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Discussion Starter #1 (Edited)
I took a nice long ride around the county today, avoiding the local mountains as they are under about 2' of snow.

Heading north on the I5, a few miles north of downtown San Diego, I was in the #2 lane (2nd from the left) overtaking a vehicle in the lane to the right of me when the "driver" decided to switch lanes...no look over the shoulder, no turn signal...just the sound of Botts' Dots thumping. Luckily, I have gotten into the habit of keeping my left thumb on the horn button when riding on metro freeways, and immediately pressed it which caused her to stop her leftward advance, but not before her car was halfway into my lane.

My options were limited...there was a car in the #1 at my 7 o'clock. If she didn't react to my horn, I probably would have gunned the throttle and escaped into the #1 as there were no vehicles ahead of me.

One benefit of going through something like this is that it is helpful in identifying and predicting future accidents, and gives me a chance to go through the "what if" scenarios regarding the incident. If you assume they are going to come into your lane you are better prepared for it.

I'm not a big proponent of "loud pipes save lives," but in this situation they might have been helpful. Even so, experienced riding, and good judgement always trumps loud pipes.

Be careful out there!
 

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Glad you had a "contact-less" event!

I had a sImilar situation today on I-95 south approaching the top of the DC beltway. Things I attribute my "no contact" event to were:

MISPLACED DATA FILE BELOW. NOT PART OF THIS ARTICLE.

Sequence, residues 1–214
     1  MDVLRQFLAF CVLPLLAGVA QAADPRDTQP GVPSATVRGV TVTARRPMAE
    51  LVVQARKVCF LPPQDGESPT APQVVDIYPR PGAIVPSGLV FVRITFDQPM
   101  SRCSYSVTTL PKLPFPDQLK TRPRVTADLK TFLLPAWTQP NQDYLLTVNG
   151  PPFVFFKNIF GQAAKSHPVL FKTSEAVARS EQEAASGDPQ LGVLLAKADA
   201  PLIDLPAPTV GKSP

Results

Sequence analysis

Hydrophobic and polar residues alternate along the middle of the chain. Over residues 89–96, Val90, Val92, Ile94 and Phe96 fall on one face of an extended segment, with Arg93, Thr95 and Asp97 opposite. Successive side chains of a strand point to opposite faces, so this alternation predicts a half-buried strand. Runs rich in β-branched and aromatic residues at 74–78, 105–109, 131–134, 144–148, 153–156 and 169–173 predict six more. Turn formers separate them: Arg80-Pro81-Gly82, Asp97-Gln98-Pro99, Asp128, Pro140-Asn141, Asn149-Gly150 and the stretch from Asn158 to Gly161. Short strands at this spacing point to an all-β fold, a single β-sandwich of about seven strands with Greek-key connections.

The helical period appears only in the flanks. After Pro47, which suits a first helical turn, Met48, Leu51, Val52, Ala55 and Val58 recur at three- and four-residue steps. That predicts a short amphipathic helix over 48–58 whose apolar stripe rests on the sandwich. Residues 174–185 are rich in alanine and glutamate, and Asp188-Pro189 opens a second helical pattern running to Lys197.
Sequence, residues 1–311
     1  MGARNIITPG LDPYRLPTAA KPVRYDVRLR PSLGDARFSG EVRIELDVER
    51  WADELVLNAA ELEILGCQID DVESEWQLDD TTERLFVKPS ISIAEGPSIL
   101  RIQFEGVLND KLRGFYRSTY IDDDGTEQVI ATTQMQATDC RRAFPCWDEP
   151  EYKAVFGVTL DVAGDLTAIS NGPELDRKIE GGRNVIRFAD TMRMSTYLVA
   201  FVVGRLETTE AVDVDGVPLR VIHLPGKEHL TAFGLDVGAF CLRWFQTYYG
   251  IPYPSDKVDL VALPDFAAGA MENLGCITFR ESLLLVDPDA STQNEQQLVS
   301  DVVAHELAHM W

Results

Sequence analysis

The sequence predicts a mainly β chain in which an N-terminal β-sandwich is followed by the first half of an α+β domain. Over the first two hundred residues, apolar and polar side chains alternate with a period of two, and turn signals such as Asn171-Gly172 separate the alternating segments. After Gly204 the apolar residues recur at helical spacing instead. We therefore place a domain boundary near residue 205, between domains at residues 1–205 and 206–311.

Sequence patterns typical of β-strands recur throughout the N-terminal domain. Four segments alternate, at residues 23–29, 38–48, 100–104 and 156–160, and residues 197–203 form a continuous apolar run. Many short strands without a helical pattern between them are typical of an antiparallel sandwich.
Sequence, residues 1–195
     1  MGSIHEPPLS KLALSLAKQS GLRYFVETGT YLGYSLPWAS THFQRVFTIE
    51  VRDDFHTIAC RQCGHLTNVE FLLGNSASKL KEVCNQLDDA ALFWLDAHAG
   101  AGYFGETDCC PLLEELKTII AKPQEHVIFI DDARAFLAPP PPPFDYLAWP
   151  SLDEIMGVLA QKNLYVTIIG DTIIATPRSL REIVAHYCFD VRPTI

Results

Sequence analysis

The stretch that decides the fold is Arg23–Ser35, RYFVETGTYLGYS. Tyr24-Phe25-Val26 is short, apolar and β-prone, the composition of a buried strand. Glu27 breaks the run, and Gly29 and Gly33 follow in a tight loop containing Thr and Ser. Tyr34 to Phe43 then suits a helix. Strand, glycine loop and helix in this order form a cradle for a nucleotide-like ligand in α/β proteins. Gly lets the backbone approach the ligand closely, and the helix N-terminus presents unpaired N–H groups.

(i) awareness of the "what if's" in an area where stupid cagers suddenly leap across three or more lanes at the last second (despite the last two miles of signs!) to go in the beltway direction opposite the direction they're currently aimed at; and

(ii) practicing to develop muscle memory so that my left thumb "pops" to the right place to instantly hit the horn -- a real problem for me with several bikes with horn buttons in several very different positions. For example, today I was on the '88 R100RT, whose horn button is high and hard to hit without stumbling over the high/low beam tang. On this bike, every time I start up the road, I have to practice 2-3 "quick hit" motions to retrain away from the last bike I was on if I have any hope of finding the horn when I need it.

The message: practice! practice! practice! even the smallest detail so that it is an automatic response when you need it!
 

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Thanks for sharing Bill and glad you did not connect. I wonder if the driver was on a cell phone. I try to watch for that all the time as a defensive measure, but hands free limits what you can see.
 
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